"user" : "kimchy",
    "post_date" : "2009-11-15T14:12:12",
    "message" : "trying out Elasticsearch"
}

Another option to specify create is to use the following uri:

PUT twitter/tweet/1/_create
{
    "user" : "kimchy",
    "post_date" : "2009-11-15T14:12:12",
    "message" : "trying out Elasticsearch"
}

Automatic ID Generation

The index operation can be executed without specifying the id. In such a case, an id will be generated automatically. In addition, the op_type will automatically be set to create. Here is an example (note the POST used instead of PUT):

POST twitter/tweet/
{
    "user" : "kimchy",
    "post_date" : "2009-11-15T14:12:12",
    "message" : "trying out Elasticsearch"
}

The result of the above index operation is:

{
    "_shards" : {
        "total" : 2,
        "failed" : 0,
        "successful" : 2
    },
    "_index" : "twitter",
    "_type" : "tweet",
    "_id" : "6a8ca01c-7896-48e9-81cc-9f70661fcb32",
    "_version" : 1,
    "created" : true,
    "result": "created"
}

Routing

By default, shard placement — or routing — is controlled by using a hash of the document’s id value. For more explicit control, the value fed into the hash function used by the router can be directly specified on a per-operation basis using the routing parameter. For example:

POST twitter/tweet?routing=kimchy
{
    "user" : "kimchy",
    "post_date" : "2009-11-15T14:12:12",
    "message" : "trying out Elasticsearch"
}

In the example above, the "tweet" document is routed to a shard based on the routing parameter provided: "kimchy".

When setting up explicit mapping, the _routing field can be optionally used to direct the index operation to extract the routing value from the document itself. This does come at the (very minimal) cost of an additional document parsing pass. If the _routing mapping is defined and set to be required, the index operation will fail if no routing value is provided or extracted.

Parents & Children

A child document can be indexed by specifying its parent when indexing. For example:

PUT blogs
{
  "mappings": {
    "tag_parent": {},
    "blog_tag": {
      "_parent": {
        "type": "tag_parent"
      }
    }
  }
}

PUT blogs/blog_tag/1122?parent=1111
{
    "tag" : "something"
}

When indexing a child document, the routing value is automatically set to be the same as its parent, unless the routing value is explicitly specified using the routing parameter.

Distributed

The index operation is directed to the primary shard based on its route (see the Routing section above) and performed on the actual node containing this shard. After the primary shard completes the operation, if needed, the update is distributed to applicable replicas.

Wait For Active Shards

To improve the resiliency of writes to the system, indexing operations can be configured to wait for a certain number of active shard copies before proceeding with the operation. If the requisite number of active shard copies are not available, then the write operation must wait and retry, until either the requisite shard copies have started or a timeout occurs. By default, write operations only wait for the primary shards to be active before proceeding (i.e. wait_for_active_shards=1). This default can be overridden in the index settings dynamically by setting index.write.wait_for_active_shards. To alter this behavior per operation, the wait_for_active_shards request parameter can be used.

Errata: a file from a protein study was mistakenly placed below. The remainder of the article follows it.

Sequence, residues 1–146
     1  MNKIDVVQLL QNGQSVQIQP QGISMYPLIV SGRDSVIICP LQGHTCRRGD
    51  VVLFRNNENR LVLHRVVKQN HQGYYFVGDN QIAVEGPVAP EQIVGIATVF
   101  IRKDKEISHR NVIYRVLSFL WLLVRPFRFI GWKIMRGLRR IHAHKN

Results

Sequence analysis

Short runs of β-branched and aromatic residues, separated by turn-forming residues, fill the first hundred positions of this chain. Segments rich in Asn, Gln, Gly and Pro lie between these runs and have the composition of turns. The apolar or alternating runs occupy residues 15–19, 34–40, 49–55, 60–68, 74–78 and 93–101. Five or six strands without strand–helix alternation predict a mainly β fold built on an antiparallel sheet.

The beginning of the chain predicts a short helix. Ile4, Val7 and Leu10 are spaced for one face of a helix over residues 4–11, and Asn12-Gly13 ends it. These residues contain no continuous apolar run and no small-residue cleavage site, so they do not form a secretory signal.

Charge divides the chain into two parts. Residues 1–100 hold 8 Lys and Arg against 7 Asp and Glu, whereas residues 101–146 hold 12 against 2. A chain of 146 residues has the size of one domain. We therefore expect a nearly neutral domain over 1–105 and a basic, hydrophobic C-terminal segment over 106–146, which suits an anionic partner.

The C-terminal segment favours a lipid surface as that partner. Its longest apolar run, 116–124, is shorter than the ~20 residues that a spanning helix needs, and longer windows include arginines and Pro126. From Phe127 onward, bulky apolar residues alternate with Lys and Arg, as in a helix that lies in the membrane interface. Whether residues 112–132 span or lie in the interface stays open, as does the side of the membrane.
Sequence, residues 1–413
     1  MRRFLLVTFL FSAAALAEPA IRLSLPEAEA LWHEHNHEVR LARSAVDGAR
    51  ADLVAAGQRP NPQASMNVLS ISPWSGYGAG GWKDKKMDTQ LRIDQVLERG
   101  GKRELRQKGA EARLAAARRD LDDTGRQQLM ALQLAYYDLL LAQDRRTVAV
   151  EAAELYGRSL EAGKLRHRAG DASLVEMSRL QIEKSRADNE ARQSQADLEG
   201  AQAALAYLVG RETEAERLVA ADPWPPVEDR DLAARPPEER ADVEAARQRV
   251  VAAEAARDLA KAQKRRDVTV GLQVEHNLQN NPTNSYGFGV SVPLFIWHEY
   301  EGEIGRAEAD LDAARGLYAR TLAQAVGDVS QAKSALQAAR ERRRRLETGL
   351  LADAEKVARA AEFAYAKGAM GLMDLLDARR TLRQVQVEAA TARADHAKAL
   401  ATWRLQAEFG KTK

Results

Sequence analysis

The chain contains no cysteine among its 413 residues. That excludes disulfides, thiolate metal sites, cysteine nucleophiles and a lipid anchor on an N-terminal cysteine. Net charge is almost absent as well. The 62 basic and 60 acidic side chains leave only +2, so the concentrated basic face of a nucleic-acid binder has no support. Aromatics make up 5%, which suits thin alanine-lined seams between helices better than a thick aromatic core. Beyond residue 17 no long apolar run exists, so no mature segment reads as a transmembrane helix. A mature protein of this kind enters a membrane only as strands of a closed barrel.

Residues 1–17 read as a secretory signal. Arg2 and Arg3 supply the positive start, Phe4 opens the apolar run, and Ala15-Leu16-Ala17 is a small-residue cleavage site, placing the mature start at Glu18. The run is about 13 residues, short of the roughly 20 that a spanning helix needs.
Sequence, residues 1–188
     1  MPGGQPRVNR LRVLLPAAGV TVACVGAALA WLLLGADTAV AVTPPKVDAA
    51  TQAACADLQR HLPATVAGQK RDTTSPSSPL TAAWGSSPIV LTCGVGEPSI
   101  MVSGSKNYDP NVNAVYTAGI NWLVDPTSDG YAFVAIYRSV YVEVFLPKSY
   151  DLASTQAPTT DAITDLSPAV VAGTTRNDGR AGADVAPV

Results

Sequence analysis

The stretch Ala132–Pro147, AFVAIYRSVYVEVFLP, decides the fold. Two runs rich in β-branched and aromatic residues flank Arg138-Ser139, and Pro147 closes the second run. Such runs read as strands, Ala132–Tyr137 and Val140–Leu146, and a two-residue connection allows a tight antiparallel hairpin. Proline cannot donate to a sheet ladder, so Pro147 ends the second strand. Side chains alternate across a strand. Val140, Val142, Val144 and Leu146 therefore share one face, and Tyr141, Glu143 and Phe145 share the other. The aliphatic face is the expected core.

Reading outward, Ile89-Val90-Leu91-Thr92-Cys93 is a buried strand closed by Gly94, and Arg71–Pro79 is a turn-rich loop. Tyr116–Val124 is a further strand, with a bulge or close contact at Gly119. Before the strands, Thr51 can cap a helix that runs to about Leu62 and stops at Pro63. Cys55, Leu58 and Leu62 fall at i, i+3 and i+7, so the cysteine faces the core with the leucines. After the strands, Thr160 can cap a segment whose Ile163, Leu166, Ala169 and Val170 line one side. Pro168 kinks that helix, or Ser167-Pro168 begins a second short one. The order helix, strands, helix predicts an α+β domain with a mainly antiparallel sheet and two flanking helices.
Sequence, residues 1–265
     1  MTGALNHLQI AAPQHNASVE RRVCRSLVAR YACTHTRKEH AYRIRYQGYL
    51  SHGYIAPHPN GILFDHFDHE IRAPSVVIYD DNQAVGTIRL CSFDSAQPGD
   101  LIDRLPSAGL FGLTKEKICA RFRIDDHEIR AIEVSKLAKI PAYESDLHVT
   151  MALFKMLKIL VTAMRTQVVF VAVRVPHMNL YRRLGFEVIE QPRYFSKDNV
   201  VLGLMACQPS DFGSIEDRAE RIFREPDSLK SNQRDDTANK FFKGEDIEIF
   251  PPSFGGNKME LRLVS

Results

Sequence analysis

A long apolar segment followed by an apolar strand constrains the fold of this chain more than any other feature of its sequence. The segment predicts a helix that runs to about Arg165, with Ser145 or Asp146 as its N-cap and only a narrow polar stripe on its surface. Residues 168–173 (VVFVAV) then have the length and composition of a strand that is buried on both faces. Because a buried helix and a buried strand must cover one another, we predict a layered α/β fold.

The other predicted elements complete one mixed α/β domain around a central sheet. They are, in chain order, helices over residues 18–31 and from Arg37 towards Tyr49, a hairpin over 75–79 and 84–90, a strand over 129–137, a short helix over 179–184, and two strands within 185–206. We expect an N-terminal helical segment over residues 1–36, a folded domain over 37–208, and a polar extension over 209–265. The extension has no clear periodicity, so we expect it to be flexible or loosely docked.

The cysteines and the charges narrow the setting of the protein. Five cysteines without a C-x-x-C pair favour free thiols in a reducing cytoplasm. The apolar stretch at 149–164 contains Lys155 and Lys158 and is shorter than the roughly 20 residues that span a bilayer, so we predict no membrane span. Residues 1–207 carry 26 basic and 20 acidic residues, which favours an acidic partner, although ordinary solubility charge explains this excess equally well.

Valid values are all or any positive integer up to the total number of configured copies per shard in the index (which is number_of_replicas+1). Specifying a negative value or a number greater than the number of shard copies will throw an error.

For example, suppose we have a cluster of three nodes, A, B, and C and we create an index index with the number of replicas set to 3 (resulting in 4 shard copies, one more copy than there are nodes). If we attempt an indexing operation, by default the operation will only ensure the primary copy of each shard is available before proceeding. This means that even if B and C went down, and A hosted the primary shard copies, the indexing operation would still proceed with only one copy of the data. If wait_for_active_shards is set on the request to 3 (and all 3 nodes are up), then the indexing operation will require 3 active shard copies before proceeding, a requirement which should be met because there are 3 active nodes in the cluster, each one holding a copy of the shard. However, if we set wait_for_active_shards to all (or to 4, which is the same), the indexing operation will not proceed as we do not have all 4 copies of each shard active in the index. The operation will timeout unless a new node is brought up in the cluster to host the fourth copy of the shard.

It is important to note that this setting greatly reduces the chances of the write operation not writing to the requisite number of shard copies, but it does not completely eliminate the possibility, because this check occurs before the write operation commences. Once the write operation is underway, it is still possible for replication to fail on any number of shard copies but still succeed on the primary. The _shards section of the write operation’s response reveals the number of shard copies on which replication succeeded/failed.

{
    "_shards" : {
        "total" : 2,
        "failed" : 0,
        "successful" : 2
    }
}

Refresh

Control when the changes made by this request are visible to search. See refresh.

Noop Updates

When updating a document using the index api a new version of the document is always created even if the document hasn’t changed. If this isn’t acceptable use the _update api with detect_noop set to true. This option isn’t available on the index api because the index api doesn’t fetch the old source and isn’t able to compare it against the new source.

There isn’t a hard and fast rule about when noop updates aren’t acceptable. It’s a combination of lots of factors like how frequently your data source sends updates that are actually noops and how many queries per second elasticsearch runs on the shard with receiving the updates.

Timeout

The primary shard assigned to perform the index operation might not be available when the index operation is executed. Some reasons for this might be that the primary shard is currently recovering from a gateway or undergoing relocation. By default, the index operation will wait on the primary shard to become available for up to 1 minute before failing and responding with an error. The timeout parameter can be used to explicitly specify how long it waits. Here is an example of setting it to 5 minutes:

PUT twitter/tweet/1?timeout=5m
{
    "user" : "kimchy",
    "post_date" : "2009-11-15T14:12:12",
    "message" : "trying out Elasticsearch"
}